Editor’s note: Andrew presents his next boardroom conversation between the Smarmy Exec and the Devious Exec. This time, this shamless duo schemes to get around the holiday gaming glut. -Jason
Deep in the bowels of a third party publisher, Smarmy Exec enters Devious Exec’s Office.
Smarmy Exec: Did you get my memo on the holiday release schedule?
Devious Exec: Ah, yes, I have it right here. I have to tell you — I’m impressed. We have over, what, 150 games scheduled for release in a three-week period? Most excellent.
Smarmy Exec: Yeah, I’ve been having misgivings about our fourth quarter.
Devious Exec: What could be wrong? Biggest spending season of the year, and with more things to sell, we will make more money.
Smarmy Exec: Consumer behavior doesn’t work like that, sir. Especially during a recession.
Devious Exec: [Covers ears] Don’t say that word! Economic slowdown! Say economic slowdown!
Smarmy Exec: Sorry, sir, forgive me. Anyway, families only have a limited amount of spending money in any given year, and this year will be less than most. Less money with more choices…we stand the risk of losing out, even if your assertion that video games are recession proof is true.
Devious Exec: Video games are economic-slowdown proof. We have nothing to worry about.
Smarmy Exec: Then why did we close down three studios and lay off 500 employees?
Devious Exec: [Slight pause] Corporate restructuring, fiscal prudence, and Metacritic scores.
Devious Exec: Beatles in a video game? How much did they pay for that??
Smarmy Exec: Reports say one million trillion dollars.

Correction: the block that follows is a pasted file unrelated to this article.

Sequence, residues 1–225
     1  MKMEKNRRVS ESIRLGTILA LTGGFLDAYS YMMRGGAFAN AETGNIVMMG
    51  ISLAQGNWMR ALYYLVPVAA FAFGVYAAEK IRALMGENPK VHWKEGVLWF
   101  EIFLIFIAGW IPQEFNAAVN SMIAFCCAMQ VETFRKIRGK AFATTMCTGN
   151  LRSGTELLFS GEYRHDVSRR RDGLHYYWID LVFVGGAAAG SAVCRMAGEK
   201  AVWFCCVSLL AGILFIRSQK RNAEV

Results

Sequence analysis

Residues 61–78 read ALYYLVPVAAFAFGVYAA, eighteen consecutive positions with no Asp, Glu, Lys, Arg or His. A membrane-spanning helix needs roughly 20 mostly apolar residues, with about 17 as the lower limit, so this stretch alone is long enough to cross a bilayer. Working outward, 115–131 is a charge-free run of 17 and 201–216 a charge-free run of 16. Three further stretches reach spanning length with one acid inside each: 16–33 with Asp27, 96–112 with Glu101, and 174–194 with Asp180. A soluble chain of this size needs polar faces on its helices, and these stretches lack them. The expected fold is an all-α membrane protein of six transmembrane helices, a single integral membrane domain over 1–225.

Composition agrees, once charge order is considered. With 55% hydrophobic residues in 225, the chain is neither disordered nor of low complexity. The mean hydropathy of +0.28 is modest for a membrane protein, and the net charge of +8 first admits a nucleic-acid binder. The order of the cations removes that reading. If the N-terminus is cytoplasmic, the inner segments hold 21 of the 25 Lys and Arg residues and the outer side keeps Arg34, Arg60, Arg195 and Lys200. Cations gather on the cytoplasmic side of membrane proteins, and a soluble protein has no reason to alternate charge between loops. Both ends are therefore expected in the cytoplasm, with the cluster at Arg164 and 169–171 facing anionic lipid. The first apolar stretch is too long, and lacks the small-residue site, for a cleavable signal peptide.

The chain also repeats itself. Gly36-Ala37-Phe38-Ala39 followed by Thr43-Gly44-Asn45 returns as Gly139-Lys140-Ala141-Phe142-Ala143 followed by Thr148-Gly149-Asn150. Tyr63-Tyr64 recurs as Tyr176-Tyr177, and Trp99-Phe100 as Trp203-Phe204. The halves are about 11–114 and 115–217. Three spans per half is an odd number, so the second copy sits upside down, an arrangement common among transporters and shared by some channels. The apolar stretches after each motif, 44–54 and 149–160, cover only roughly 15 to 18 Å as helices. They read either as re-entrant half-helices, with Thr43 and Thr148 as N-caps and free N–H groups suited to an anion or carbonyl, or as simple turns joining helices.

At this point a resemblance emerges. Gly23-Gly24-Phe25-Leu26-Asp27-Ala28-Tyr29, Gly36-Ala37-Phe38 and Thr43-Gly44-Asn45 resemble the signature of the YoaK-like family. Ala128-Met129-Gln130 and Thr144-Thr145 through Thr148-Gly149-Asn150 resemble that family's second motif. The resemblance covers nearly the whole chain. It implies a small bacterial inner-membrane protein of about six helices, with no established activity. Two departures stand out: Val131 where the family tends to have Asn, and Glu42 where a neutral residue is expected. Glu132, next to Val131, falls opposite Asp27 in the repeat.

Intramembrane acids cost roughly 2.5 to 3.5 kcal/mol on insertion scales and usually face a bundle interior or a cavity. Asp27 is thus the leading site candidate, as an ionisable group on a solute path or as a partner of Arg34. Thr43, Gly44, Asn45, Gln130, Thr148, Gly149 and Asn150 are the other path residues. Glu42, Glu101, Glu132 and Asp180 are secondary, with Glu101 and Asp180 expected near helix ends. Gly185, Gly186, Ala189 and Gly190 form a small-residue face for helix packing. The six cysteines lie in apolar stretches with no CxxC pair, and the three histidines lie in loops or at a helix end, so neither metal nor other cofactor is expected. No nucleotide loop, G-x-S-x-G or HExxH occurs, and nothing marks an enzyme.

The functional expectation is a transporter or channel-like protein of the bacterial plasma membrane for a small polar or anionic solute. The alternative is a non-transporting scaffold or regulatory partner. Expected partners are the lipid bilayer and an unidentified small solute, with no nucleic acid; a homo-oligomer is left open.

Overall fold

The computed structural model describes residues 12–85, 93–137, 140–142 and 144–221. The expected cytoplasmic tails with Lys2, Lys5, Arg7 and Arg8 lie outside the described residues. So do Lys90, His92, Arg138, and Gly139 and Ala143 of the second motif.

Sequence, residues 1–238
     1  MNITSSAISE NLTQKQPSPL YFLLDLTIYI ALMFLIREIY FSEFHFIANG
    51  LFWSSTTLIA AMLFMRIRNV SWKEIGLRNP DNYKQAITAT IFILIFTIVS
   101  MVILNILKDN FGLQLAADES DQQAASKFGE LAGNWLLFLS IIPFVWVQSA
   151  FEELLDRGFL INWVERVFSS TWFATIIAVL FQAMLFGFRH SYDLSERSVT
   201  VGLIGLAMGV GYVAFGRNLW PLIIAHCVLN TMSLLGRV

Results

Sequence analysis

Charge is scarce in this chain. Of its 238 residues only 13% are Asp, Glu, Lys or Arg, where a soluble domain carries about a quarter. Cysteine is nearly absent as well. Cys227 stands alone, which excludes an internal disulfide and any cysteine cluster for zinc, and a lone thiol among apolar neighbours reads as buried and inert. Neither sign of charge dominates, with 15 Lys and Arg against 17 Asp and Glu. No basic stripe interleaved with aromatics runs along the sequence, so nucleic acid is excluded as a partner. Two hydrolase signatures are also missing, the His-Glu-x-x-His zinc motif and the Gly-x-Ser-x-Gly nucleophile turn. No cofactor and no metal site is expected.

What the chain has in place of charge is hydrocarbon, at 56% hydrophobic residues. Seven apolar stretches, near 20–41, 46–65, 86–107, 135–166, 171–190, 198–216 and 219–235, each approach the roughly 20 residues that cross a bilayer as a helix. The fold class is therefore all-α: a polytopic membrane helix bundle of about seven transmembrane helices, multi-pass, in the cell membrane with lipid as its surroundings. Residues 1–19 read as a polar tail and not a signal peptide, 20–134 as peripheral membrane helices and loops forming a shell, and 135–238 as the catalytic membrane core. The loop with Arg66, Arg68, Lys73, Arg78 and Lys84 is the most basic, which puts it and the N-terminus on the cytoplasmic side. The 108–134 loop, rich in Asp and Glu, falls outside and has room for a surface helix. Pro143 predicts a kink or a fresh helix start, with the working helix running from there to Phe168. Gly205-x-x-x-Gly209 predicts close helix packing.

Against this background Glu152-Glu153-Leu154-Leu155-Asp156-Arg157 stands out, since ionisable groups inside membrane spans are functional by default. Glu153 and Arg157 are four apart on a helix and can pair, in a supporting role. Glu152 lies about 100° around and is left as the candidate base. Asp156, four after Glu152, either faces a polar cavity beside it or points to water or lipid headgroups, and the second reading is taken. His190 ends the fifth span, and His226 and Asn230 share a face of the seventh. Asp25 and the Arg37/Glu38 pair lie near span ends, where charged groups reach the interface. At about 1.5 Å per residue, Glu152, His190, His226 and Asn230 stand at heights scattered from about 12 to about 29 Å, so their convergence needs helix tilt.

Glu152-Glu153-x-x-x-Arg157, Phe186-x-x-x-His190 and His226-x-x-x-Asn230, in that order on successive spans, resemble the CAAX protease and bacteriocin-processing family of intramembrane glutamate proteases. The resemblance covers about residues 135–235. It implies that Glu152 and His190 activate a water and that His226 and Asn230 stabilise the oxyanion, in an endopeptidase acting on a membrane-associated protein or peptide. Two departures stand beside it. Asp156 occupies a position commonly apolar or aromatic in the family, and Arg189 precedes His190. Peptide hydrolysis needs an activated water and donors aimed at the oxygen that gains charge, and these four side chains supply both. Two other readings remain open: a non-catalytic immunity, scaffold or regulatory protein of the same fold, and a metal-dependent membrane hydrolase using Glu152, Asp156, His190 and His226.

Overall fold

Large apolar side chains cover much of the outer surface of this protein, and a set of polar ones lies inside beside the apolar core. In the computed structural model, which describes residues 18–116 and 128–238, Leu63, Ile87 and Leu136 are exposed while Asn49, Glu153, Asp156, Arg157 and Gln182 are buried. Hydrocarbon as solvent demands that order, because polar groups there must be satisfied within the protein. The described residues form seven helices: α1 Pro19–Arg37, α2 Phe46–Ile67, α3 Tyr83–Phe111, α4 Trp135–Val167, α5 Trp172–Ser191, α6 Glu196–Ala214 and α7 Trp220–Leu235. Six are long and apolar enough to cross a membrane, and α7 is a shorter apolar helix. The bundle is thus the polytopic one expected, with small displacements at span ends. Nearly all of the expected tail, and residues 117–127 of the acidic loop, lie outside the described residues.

Devious Exec: A deal at twice the price…. Why didn’t we get it?
Smarmy Exec: All of our resources are tied up in securing the rights to a Styx music game and a Hall & Oates music game.
Devious Exec: [Stroking chin] Sometimes I’m so clever that I surprise myself…. OK, so what do you suggest?
Smarmy Exec: I figure we can delay a couple of our triple-A titles to first quarter 2010.
Devious Exec: No one buys video games in January!
Smarmy Exec: Ah, but hear me out. Trends show that parents are absolutely useless when it comes to picking out gifts.
Devious Exec: I’m well aware of this. Most of our business strategy relies on ill-informed parents picking up the wrong games for their children.
Smarmy Exec: But these days, parents are clued into the phenomenon, since they are the first generation of parents to play video games as children, and thus were disappointed by their own parents’ Christmas gifts. Gift cards are on the rise, because Christmas is no longer about giving and receiving. It’s about kids getting exactly what they want. So if we release a game after Christmas, we’ll avoid the bloated release schedule while still being able to cash in on Christmas dollars.
Devious Exec: [Stunned] Jesus Christ in a chicken basket, that’s a great idea. Let me call the studio immediately.
Devious Exec picks up phone.
In a cramp cubicle filled with knickknacks, Developer answers phone.
Devious Exec: Stop the presses!
Developer: We don’t have presses.
Devious Exec: Stop the magic DVD machine! I need to know what you are working on!
Developer: Well, we have a fantasy-RPG that features moral decisions, and we have an action-platformer that uses antiquated religious beliefs that have been bastardized as source material.
Devious Exec: [Covers phone and turns to Smarmy Exec] I don’t know what the fuck this guy’s talking about, but it sounds amazing. [Into phone] Are they triple-A titles?
Developer: Depends. Do you want to tell people they’re triple-A?
Devious Exec: What if we did?